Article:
A homegrown Islamic State supporter who said she wanted to ‘blow St Paul’s Cathedral to the ground’ in an Easter terror attack was getting ‘cold feet’ and would never have gone through with it, a court was told.
Muslim convert Safiyya Amira Shaikh, a 37-year-old mother from Hayes in west London, kept ‘having doubts’ about going through with the plot, but said she did not want to disappoint two ‘friends’ she was conspiring with.
Shaikh was said to have become distressed following her arrest when it was disclosed to her that those two friends were actually undercover police officers.
The Old Bailey heard Shaikh carried out a reconnaissance mission to the central London landmark in September 2019, but pushed the date of the attack back from Christmas to Easter.
She had also gone through the early stages of getting fitted for a suicide vest, saying she wanted to carry out a mass atrocity before becoming a martyr.
However, she cancelled a subsequent meeting with the undercover officers in October as she ‘started to get doubts’, prompting concerned police to swoop in and arrest her.
Her barrister Ben Newton said: ‘This particular terrorist act would never have actually happened.
‘Three people were involved in this plot, and the other two were undercover police officers.
‘There was no bomb, and there never would be.
‘On evidence before the court, there were clear indicators Safiyya Shaikh had cold feet and wouldn’t go through with it.’
Shaikh, wearing a hijab, wept as her counsel outlined her ‘life of pain and loneliness’, and described how she suffered a ‘truly traumatic childhood’.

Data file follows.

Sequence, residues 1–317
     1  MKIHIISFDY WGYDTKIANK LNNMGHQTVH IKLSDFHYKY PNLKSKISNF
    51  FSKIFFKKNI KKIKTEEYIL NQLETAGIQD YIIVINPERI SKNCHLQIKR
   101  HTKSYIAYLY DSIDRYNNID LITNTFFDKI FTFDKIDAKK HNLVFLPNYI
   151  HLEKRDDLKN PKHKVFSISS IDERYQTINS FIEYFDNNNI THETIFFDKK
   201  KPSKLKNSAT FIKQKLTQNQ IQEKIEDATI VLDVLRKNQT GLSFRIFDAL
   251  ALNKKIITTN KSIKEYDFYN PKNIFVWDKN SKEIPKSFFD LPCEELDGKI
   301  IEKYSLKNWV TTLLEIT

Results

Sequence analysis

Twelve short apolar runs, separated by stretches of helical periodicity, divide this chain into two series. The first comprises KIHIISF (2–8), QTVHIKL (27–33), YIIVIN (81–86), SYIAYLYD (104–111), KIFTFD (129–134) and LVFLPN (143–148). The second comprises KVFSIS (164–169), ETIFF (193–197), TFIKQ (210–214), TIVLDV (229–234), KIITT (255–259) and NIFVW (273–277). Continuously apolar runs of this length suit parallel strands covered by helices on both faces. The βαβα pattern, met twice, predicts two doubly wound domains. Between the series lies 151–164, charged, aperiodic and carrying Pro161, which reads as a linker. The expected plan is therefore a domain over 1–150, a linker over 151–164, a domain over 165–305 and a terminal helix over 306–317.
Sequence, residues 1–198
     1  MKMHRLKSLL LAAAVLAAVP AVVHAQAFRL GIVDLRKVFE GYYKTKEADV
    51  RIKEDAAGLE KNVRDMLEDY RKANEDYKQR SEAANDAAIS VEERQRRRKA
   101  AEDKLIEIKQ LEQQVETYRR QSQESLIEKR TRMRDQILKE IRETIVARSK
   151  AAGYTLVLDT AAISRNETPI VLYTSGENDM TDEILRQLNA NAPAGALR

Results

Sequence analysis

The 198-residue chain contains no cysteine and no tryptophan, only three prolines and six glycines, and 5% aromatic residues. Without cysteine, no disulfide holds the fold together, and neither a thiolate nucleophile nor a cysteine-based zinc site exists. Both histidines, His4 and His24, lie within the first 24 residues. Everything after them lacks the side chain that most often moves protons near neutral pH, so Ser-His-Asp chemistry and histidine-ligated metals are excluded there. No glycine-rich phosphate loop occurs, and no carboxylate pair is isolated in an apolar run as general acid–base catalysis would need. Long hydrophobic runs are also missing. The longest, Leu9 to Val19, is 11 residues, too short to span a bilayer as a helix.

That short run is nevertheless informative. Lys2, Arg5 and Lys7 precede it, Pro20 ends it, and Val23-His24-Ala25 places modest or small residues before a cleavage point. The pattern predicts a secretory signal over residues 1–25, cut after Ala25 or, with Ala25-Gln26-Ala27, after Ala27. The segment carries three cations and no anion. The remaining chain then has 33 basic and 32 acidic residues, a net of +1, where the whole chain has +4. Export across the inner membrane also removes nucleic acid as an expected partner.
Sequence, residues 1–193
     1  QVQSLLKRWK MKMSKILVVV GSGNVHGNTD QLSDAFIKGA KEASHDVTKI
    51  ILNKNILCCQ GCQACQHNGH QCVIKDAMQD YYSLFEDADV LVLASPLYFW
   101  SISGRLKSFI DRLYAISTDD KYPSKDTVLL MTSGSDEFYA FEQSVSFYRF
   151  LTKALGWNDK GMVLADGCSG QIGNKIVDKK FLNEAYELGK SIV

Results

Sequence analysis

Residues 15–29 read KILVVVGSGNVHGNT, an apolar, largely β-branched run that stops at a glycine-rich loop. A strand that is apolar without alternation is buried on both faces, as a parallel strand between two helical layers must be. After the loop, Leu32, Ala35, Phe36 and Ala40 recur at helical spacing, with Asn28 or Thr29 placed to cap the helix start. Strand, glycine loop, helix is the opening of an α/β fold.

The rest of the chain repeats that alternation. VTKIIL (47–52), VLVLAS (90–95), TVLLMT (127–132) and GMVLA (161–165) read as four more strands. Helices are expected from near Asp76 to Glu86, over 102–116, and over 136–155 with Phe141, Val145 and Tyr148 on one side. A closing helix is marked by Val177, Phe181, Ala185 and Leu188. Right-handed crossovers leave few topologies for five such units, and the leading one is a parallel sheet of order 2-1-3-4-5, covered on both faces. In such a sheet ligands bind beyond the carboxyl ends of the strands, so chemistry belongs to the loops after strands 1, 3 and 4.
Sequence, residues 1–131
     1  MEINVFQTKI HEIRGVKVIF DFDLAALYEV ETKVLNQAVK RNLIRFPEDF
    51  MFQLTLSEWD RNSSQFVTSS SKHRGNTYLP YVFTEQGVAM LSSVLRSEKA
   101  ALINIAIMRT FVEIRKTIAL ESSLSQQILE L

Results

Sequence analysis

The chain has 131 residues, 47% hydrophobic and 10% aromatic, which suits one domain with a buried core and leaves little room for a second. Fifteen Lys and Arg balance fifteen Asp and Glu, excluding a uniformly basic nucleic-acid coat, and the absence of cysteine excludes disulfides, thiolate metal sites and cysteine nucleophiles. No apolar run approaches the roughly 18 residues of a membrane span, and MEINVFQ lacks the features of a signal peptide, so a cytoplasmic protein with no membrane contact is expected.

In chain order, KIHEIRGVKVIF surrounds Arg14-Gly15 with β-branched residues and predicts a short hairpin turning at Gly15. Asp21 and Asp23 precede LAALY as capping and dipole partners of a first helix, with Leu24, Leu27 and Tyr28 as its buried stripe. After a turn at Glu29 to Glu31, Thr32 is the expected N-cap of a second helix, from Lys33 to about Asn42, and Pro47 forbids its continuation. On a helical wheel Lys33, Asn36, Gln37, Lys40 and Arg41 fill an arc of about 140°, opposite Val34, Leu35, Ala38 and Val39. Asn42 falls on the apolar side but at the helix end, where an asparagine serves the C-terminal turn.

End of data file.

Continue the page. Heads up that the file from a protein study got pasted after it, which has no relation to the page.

Mr Newton said his client went to great lengths in her efforts to please people, even travelling to Pakistan to get married against her will, before backing out at the last minute and being sent home to the UK in disgrace.
He said: ‘She didn’t want to blow up a church of people, she just wanted friends.’
Shaikh – formerly known as Michelle Ramsden – admits preparation of terrorist acts and dissemination of terrorist publications on the internet.
The court heard she converted to Islam in 2007 after being impressed by the kindness of a local Muslim family.
But prosecutor Alison Morgan QC told the court she became increasingly disillusioned by what she saw as the mosques’ moderate version of Islam, and ‘was keen to boast’ about the extremist propaganda she posted online, encouraging others to commit acts of violence in the name of so-called Islamic State.
The sentencing hearing was adjourned until Thursday.